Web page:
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Benjamin Franklin: 
speaking to the Constitutional Convention, on June 28, 1787:

"All of us who were engaged in the struggle (war of independence) must have observed frequent instances of a superintending Providence** in our favor.
     To that kind Providence we owe this happy opportunity of consulting in peace on the means of establishing our future national felicity. And have we now forgotten that powerful Friend? Or do we imagine we no longer need His assistance?
     I have lived, sir, a long time, and the longer I live, the more convincing proofs I see of this truth--that God Governs in the affairs of men. And if a sparrow cannot fall to the ground without His notice, is it probable that an empire can rise without His aid?
     We have been assured, sir, in the Sacred Writings, that "except the Lord build the house, they labor in vain that build it." I firmly believe this; and I also believe that without His concurring aid we shall succeed in this political building no better than the builders of Babel.…
     I therefore beg leave to move--that henceforth prayers imploring the assistance of Heaven, and its blessing on our deliberations, be held in this Assembly every morning before we proceed to business…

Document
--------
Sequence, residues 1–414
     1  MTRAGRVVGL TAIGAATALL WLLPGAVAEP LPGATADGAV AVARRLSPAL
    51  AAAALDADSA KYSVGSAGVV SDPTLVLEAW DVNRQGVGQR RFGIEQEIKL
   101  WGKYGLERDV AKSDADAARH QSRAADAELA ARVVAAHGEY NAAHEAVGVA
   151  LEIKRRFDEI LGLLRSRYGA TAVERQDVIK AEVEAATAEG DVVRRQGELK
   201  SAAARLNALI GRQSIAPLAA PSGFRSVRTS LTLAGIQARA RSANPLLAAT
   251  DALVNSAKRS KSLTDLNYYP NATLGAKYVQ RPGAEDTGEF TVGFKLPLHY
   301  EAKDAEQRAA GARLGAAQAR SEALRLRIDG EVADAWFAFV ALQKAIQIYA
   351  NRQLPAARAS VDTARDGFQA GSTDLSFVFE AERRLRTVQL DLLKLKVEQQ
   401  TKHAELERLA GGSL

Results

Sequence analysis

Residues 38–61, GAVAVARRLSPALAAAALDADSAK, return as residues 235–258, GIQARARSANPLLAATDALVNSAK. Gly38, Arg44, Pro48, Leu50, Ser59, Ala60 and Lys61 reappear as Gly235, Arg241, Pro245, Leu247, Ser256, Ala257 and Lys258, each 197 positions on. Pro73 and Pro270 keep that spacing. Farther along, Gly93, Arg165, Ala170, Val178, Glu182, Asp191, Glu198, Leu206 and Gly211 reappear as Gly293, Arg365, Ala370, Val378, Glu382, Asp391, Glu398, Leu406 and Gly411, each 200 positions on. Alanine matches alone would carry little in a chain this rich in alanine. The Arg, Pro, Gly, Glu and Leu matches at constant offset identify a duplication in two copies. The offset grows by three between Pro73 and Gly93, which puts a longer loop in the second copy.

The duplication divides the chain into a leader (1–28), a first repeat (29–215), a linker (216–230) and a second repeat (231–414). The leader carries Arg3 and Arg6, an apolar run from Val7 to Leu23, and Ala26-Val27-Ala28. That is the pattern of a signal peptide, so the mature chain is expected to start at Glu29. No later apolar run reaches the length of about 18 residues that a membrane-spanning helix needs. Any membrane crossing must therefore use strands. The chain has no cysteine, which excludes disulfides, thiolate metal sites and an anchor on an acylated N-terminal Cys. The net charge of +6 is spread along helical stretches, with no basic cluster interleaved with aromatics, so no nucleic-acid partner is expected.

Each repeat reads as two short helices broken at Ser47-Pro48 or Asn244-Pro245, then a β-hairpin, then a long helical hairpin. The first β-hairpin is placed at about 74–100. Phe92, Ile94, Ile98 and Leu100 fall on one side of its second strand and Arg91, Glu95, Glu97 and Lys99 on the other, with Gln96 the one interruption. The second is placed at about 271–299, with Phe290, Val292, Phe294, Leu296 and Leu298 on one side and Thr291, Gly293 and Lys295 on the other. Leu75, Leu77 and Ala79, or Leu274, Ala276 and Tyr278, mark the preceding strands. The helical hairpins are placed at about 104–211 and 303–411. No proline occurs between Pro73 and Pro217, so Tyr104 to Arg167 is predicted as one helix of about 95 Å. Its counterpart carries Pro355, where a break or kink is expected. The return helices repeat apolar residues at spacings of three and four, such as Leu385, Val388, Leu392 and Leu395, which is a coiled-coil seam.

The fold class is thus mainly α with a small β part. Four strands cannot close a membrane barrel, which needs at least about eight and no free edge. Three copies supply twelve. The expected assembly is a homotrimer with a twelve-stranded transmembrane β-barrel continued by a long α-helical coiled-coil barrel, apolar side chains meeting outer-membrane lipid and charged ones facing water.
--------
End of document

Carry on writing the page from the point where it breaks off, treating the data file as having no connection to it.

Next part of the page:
Another delegate to the convention wrote these observations about Franklin's speech and its effect on the convention:

"The Doctor sat down;  and never did I behold a countenance at once so dignified and delighted as was that of Washington at the close of the address; nor were the members of the convention generally less affected. The words of the venerable Franklin fell upon our ears with a weight and authority even greater than we may suppose an oracle to have had in a Roman Senate."
     (Jonathan Dayton, delegate from New Jersey)

Franklin's resolution was passed and implemented enthusiastically  From that moment on, the deadlock was broken and rapid progress was made on the constitution.

Prayers have opened both houses of Congress ever since.

** In the usage of the time, "Providence" referred specifically to God's fortuitous intervention in events. It was considered so much a characteristic of God's dealings with men that the word was always capitalized in print to emphasize that it was referring to specific acts of God.


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